California Set to Greatly Expand Controversial Pretrial Risk Assessments

    A group of California judges and other jurists has recommended that millions of dollars be invested in pretrial reform efforts in 16 courts, in order to implement or expand their use of risk assessment tools when determining the conditions of a defendant’s release. Pretrial decision-making is a key area of criminal justice reform—but statisticians and legal scholars are not convinced that actuarial risk-assessment tools, which frequently use racially-biased data, are the path forward

    On August 5, the Pretrial Reform and Operations Workgroup published a report advising the Judicial Council of California to approve funding of $68 million for pretrial pilot programs in Los Angeles and Alameda County (which includes Oakland), among other jurisdictions. A key element of these pilot programs will be applying risk assessment tools to all defendants who are eligible for bail.

    Drawing from large volumes of data derived from criminal records and arrest incidents, risk assessment tools use mathematical formulae to estimate the likelihood of whether a defendant will be arrested again or miss their court appearance. But using such data to determine future outcomes could simply reproduce the racial biases built into past policing patterns.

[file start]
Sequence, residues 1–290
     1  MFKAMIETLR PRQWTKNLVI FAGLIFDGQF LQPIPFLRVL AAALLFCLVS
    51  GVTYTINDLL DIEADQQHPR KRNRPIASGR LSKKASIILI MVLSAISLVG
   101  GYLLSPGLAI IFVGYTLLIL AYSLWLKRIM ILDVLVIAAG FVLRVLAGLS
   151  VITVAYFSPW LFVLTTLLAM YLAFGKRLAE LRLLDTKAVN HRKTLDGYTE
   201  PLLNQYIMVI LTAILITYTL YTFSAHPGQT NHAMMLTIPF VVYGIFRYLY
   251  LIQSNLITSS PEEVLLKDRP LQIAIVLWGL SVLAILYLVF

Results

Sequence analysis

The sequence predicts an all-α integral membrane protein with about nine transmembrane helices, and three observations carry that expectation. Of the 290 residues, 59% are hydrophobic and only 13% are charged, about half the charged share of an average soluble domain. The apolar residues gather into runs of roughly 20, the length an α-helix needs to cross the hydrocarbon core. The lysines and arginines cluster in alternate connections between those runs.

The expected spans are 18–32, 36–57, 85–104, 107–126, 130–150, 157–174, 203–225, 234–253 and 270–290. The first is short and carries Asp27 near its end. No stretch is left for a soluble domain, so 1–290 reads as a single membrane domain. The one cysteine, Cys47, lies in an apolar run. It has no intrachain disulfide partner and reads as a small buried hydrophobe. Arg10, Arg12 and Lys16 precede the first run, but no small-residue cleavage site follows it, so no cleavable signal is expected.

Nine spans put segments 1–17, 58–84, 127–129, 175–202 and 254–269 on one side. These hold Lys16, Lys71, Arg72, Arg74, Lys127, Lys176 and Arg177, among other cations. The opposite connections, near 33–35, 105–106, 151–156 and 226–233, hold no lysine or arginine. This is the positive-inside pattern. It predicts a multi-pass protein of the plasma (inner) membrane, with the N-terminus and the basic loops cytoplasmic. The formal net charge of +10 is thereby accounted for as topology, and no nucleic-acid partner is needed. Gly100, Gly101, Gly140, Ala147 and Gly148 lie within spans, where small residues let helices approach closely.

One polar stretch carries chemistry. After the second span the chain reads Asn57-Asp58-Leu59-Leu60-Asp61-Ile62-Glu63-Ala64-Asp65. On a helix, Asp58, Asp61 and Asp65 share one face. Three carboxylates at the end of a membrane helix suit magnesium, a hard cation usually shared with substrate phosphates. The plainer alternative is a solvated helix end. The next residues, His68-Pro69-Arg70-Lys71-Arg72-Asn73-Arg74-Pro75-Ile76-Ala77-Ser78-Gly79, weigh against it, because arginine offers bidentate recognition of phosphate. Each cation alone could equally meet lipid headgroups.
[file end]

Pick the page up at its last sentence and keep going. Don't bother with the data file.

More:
When applied in Broward County, Florida, these tools “frequently misidentified Black defendants as “future criminals” and mislabeled white defendants as “low risk,” according to a groundbreaking 2016 ProPublica report.

    In July 2019, researchers at MIT Media Lab and Harvard Law School sent a letter to judges in Missouri denouncing the use of risk assessments in the state, as Filter reported. The researchers also wrote to the Judicial Council of California and members of the Los Angeles government, warning them that the tools slated for use in their respective programs “suffer from serious methodological flaws that undermine their accuracy and effectiveness,” and “do not increase the likelihood of better pretrial outcomes, much less guarantee them.”

    The Workgroup does seem to be aware of such critiques of pretrial risk assessments. One of the program goals listed in its report is to “Assess any disparate impact or bias that may result from the implementation of these projects in order to better understand and reduce biases based on race, ethnicity, and gender in pretrial release decision-making.”

    The Judicial Council is meeting on August 9 to approve the funding.


    Screenshot of members of The Judicial Council of California, via Youtube

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